d. Credit for Participation: A perfect score in participation is 150 points.  Thus you need a minimum of 135 for an A, at leasts 120 for a B, at least 105 for a C, and 90 points for a D.  Anything less than that is an F.

Reaction Papers (450 points): You will have to write three focused essay/reaction papers on the five major non-textbook readings books assigned for the course.  Each paper has a value of 150 points and is to be 5-6 typed, double-spaced pages in length.  Papers are to be typed in Times Roman font with a 12-pt. pitch and must be appropriately footnoted (please see me before writing a paper if you have questions about these standards).  Due dates for the papers are listed below. General guidelines, including my expectations for a paper, are to be found by clicking on the hypertext in this sentence. Specific guidelines for the papers will be provided in this syllabus in a timely manner.  To find them look for the due dates below in the course assignment and reading schedule where you will find the paper title in hypertext; by clicking this hypertext you will arrive at the specific instructions for the paper.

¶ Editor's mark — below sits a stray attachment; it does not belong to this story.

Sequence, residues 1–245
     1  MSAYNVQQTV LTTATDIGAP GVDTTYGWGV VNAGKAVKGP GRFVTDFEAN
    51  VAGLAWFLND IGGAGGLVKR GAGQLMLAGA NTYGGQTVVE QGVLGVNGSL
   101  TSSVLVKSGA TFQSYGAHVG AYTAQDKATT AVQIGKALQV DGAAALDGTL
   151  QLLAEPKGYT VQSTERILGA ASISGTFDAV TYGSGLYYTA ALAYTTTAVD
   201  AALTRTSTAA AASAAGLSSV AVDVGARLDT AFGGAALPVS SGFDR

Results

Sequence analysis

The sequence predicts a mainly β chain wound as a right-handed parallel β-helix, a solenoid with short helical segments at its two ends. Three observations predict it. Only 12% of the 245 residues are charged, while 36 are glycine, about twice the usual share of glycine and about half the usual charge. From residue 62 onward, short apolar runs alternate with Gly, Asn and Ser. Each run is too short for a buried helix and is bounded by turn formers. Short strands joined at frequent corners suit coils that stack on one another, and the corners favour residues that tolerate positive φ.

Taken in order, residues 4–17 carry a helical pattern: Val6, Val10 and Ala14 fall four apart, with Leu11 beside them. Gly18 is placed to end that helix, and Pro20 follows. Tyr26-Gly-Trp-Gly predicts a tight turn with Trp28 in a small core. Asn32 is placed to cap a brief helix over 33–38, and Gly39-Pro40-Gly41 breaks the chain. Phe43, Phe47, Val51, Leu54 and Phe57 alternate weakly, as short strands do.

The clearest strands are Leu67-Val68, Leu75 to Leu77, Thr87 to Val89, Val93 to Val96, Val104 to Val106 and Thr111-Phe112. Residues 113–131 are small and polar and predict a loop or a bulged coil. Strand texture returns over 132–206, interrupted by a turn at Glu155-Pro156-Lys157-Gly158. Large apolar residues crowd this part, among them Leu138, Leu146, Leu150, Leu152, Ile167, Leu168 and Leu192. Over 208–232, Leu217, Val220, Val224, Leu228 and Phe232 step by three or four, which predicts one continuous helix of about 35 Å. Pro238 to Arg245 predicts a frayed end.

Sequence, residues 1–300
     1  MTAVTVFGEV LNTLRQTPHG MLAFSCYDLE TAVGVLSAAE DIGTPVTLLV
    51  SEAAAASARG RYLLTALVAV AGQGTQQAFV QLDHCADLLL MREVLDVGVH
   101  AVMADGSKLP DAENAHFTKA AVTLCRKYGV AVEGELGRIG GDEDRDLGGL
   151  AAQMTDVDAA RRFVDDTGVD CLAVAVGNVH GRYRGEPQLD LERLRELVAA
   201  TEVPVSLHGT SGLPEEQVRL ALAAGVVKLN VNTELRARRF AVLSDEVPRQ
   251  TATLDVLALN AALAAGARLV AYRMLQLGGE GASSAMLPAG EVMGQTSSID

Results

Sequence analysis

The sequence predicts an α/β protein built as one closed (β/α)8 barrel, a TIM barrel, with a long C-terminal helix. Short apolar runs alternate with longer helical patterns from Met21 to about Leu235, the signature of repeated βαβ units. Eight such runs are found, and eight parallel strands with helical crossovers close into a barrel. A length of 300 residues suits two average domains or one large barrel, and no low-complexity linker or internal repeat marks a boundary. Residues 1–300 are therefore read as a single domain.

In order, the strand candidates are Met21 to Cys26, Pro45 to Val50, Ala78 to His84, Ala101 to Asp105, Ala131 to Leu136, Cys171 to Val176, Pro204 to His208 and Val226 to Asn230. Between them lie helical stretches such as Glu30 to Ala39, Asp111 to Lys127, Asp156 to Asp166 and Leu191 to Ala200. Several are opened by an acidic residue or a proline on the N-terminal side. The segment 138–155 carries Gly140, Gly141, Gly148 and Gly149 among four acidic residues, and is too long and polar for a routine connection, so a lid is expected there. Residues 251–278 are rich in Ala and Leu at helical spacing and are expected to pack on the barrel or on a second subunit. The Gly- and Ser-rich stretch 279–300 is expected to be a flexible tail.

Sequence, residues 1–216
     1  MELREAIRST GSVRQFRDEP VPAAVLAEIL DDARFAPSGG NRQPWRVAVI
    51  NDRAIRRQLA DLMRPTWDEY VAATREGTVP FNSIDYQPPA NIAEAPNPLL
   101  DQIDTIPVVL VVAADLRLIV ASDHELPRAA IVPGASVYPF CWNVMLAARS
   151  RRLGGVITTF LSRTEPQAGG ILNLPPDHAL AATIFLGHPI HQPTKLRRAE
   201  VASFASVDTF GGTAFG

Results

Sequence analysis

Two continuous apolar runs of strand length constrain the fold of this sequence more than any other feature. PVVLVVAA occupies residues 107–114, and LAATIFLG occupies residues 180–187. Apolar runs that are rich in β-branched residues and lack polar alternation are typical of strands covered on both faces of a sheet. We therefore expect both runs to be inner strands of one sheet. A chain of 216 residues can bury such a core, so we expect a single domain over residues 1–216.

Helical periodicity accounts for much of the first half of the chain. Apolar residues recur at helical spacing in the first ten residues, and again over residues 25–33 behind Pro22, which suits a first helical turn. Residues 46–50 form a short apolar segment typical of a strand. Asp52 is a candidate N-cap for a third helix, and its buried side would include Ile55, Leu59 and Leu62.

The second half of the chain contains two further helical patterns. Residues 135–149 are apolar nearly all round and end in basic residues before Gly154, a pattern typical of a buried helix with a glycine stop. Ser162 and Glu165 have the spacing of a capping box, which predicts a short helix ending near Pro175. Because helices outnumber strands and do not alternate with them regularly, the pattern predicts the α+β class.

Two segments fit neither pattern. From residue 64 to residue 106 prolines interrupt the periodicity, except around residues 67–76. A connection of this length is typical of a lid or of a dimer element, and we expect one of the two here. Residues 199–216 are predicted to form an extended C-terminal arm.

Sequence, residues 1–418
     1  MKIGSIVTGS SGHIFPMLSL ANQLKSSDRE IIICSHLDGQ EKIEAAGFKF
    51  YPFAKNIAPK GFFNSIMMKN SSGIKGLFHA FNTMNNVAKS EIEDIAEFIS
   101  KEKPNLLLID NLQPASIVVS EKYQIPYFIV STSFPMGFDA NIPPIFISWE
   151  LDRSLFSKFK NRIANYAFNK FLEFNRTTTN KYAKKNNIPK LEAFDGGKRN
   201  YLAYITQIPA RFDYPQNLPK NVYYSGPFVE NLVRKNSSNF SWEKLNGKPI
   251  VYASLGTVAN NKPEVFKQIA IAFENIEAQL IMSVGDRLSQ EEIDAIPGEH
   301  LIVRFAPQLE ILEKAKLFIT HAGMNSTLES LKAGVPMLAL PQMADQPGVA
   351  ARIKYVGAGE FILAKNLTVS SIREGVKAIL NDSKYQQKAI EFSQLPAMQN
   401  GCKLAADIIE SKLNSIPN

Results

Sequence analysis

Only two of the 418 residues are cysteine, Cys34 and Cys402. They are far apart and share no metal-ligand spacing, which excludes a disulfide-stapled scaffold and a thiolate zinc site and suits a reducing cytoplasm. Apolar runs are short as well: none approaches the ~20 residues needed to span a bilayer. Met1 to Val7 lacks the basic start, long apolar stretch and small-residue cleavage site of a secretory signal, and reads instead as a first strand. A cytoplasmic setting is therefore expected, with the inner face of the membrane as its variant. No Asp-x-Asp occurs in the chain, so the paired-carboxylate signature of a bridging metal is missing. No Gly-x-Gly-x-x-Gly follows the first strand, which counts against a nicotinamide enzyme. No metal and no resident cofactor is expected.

Final Examination (150 points): There will be a comprehensive, essay-based final examination.

Grading Breakdown:

Course Component
Component Point Value
Reaction Papers
Final Examination 150
Total of All Categories 750

Calculation of your mark: In this course 750 points is a perfect score.  Thus an A requires a minimum of 675 points, a B at least 600 points, a C at least 525 points, a D at least 450 points.  Anyone earning less than 450 points fails the course and earns a mark of F.

General Policies: